Non-healing ulcers are a major health problem worldwide and have great impact at personal, professional and social levels, with high cost in terms of human and material resources. Recalcitrant non-healing ulcers are inevitable and detrimental to the lower limb and are a major cause of non-traumatic lower limb amputations. Application of autologous Platelet Rich Plasma (PRP) has been a major breakthrough for the treatment of non-healing and diabetic foot ulcers, as it is an easy and cost-effective method, and provides the necessary growth factors that enhance tissue healing. PRP is a conglomeration of thrombocytes, cytokines and various growth factors which are secreted by α-granules of platelets that augment the rate of natural healing process with decrease in time. The purpose of this case series was to evaluate the safety and efficacy of autologous platelet rich plasma for the treatment of chronic non-healing ulcers on the lower extremity.
Autologous PRP was prepared from whole blood utilizing a rapid, intraoperative point-of-care system that works on the principle of density gradient centrifugation. Twenty Four (24) patients with non-healing ulcers of different etiologies, who met the inclusion criteria, were treated with single dose of subcutaneous PRP injections along with topical application of PRP gel under compassionate use.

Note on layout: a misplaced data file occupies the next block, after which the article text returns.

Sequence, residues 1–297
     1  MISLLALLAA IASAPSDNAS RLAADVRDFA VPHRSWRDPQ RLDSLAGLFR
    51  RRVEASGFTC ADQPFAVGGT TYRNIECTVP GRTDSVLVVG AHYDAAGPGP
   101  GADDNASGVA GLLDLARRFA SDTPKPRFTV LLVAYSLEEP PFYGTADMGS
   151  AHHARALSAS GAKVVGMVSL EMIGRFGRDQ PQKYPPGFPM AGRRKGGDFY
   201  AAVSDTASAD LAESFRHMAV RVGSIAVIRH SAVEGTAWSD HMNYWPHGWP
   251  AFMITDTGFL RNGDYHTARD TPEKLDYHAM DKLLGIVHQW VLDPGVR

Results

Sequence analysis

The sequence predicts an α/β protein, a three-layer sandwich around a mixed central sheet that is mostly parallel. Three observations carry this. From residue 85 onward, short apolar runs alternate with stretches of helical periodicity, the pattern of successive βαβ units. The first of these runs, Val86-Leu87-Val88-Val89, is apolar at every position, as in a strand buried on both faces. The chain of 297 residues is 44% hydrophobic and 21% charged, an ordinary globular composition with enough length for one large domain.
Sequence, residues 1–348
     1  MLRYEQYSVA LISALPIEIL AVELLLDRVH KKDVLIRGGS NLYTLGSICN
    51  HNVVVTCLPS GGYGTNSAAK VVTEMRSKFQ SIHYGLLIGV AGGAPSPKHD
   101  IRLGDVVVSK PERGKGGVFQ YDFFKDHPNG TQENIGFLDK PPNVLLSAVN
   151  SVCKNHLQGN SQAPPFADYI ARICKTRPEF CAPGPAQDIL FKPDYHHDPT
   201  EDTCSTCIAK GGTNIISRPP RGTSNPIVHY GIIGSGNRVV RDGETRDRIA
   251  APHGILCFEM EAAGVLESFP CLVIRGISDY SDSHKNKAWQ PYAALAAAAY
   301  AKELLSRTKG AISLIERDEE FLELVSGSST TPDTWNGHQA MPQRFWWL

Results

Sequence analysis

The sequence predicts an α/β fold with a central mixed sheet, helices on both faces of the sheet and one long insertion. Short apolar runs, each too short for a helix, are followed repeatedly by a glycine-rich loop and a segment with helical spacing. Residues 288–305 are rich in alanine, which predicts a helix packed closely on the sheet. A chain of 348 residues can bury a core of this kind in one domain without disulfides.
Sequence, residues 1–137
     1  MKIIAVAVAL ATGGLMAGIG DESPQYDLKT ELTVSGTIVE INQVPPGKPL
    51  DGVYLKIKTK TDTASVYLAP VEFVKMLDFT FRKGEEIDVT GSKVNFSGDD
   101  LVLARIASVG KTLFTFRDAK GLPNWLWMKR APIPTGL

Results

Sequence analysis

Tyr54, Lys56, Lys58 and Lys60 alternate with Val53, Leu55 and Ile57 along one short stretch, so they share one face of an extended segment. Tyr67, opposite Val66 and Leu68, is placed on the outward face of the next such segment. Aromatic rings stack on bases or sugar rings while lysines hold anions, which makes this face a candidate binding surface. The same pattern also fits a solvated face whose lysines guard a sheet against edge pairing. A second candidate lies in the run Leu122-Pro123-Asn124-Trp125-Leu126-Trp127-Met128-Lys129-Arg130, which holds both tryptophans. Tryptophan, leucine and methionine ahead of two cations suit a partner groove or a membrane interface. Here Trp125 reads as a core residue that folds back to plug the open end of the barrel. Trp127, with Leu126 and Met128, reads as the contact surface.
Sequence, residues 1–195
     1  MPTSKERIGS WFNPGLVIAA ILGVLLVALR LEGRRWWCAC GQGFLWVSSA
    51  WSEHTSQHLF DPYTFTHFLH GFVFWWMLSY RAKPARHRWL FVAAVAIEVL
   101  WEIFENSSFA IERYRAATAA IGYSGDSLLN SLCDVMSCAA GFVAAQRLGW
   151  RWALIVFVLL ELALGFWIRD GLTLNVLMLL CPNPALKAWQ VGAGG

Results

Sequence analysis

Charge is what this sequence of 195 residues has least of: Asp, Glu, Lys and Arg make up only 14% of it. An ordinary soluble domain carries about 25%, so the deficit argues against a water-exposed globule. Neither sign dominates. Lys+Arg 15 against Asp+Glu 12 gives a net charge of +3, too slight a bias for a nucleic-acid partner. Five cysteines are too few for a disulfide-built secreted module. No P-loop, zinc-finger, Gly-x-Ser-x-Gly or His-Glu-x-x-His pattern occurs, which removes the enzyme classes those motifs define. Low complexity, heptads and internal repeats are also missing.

The mean age of the treated patients was 62.5 ± 13.53 years and they were followed-up for a period of 24 weeks. All the patients showed signs of wound healing with reduction in wound size, and the mean time duration to ulcer healing was 8.2 weeks. Also, an average five fold increase in the platelet concentrate was observed in the final PRP product obtained using the rapid point-of-care device, and the average platelet dose administered to the patients was 70.10 × 108.
This case series has demonstrated the potential safety and efficacy of autologous platelet rich plasma for the treatment of chronic non-healing ulcers.
NCT03026855 , Registered 4 January 2017 ‘Retrospectively’.
Autologous platelet rich plasma; Cellular therapy; Cytokines; Growth factors; Non-healing ulcers; Point-of-care
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